The Power of Regret: How Looking Backward Moves Us Forward by Daniel Pink

The Power of Regret

The Power of Regret: How Looking Backward Moves Us Forward by Daniel Pink deals with the power we can draw from dealing with our regrets in a thoughtful manner. Regrets deal with things you can control so you need to take action when possible to make things better and move on from things that can’t be fixed. Research shows that people who do this are healthier and happer. Thanks, Dan for this vital life lesson.

Part One. Regret Reclaimed – 1. The Life-Thwarting Nonsense of No Regrets

  • Fron popular songs to literature to advice columns we hear over and over again about how successful people supposedly have no regrets. In this book, Pink shows not only that this is wrong-headed thinking, but when properly used, analysis of your regrets can serve to improve your life. We all have a portfolio of emotions and most of us try to have a bias in our lives for positive ones. That makes sense, but we also need to deal with negative emotions to help us avoid harm, be it physical or emotional. The purpose of this book is to show you how to use regret’s many strengths to make better decisions, perform better at work, and bring greater meaning to your life. Pink draws on his analysis of two massive surveys to accomplish this goal.

2. Why Regret is Human

  • Regret is the unpleasant feeling associated with some action or inaction a person has taken which has led to a state of affairs that the person wishes were different. It is more understood as a process than a thing. As we mature, our brains naturally develop to experience regret. It is associated with the orbitofrontal cortex. People with lesions in this area typically do not experience regret. The same is true for people with Huntington’s and Parkinson’s disease. Reget is the most common negative emotion as things you regret are your own fault. They are things where you had control and constantly involve some comparison.

3. At Least’s and If Only’s

  • These are two types of counterfactuals. When you think at least, you are thinking about how things could have been worse. When you think if only, you are thinking that an outcome could have been better if you had done something different. Most people engage in if only thinking much more than at least thinking. If only thinking degrades our feelings now, but it can improve our lives later. This is one way regret can help us do better tomorrow.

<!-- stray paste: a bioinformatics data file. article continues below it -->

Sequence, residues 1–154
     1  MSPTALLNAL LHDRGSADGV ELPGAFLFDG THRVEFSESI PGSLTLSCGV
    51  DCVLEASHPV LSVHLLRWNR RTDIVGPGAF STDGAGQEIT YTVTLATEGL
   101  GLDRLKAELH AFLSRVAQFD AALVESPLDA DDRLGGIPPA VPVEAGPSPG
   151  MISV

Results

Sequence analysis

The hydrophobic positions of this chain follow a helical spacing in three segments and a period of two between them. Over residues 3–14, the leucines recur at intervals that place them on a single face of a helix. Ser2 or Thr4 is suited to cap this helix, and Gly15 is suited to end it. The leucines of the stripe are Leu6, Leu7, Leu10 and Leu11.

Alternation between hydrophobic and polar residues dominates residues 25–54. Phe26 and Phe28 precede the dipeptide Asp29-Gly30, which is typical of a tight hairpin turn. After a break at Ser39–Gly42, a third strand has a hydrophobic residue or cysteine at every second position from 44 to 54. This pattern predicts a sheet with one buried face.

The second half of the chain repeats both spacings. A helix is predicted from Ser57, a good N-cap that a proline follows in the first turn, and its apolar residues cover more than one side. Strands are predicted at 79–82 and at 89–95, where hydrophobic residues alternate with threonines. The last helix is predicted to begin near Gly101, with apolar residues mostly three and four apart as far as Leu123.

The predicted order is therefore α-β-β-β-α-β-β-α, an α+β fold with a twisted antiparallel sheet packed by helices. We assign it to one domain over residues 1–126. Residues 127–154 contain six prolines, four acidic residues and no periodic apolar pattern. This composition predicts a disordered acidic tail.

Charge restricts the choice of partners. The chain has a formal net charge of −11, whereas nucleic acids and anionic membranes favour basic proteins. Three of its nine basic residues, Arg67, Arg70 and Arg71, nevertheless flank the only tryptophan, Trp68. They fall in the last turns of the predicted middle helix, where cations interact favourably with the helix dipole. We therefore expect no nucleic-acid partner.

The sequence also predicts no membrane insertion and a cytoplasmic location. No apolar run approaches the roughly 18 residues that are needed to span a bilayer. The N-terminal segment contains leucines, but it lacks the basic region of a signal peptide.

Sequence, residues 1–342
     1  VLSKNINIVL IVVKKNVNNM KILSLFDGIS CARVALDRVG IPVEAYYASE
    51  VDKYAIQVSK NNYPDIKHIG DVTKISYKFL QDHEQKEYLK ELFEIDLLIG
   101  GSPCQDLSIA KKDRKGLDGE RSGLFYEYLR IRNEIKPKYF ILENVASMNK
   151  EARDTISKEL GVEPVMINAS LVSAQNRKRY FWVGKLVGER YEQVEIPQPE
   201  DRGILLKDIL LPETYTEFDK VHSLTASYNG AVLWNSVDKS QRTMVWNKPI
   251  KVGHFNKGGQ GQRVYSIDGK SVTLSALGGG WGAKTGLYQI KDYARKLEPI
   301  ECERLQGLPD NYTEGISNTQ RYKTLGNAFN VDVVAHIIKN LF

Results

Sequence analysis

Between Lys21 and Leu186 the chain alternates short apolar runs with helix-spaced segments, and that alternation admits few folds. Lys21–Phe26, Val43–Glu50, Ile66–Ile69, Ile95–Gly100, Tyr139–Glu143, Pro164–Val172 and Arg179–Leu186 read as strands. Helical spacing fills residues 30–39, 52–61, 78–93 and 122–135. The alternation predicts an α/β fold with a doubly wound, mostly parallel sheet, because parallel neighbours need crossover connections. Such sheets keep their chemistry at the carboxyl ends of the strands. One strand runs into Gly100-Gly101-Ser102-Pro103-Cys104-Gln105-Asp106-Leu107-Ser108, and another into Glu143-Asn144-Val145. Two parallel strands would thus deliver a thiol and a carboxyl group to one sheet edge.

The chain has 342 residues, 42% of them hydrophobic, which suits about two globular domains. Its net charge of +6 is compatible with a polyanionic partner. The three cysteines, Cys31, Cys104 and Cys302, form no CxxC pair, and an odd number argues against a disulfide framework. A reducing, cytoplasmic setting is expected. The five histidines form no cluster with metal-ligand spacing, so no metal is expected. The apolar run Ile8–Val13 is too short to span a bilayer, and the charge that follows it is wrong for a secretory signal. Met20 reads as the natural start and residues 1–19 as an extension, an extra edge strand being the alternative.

4. Why Regret Makes Us Better

  • If you actively regret something you are not likely to do it again. A central finding is that regret can deepen persistence, which almost always elevates performance. Even thinking about other people’s regrets may confer a performance boost. Regret, however, does not always elevate performance. Lingering on regret for too long can have the opposite effect. Setbacks can supply fuel for future performance. Making mistakes and learning from them via regret is a path to growth.
  • When it comes to things you regret it is key that you not wallow in them or dodge them altogether. Doing so will just make things worse. These feelings should result in thinking that results in future action that makes things better or avoids further pain. Think of this action as an evaluation that can be instructive. In short, if you make a mistake you need to ask yourself “what can I learn from it.” (Doug: This is a guiding principle for me.)
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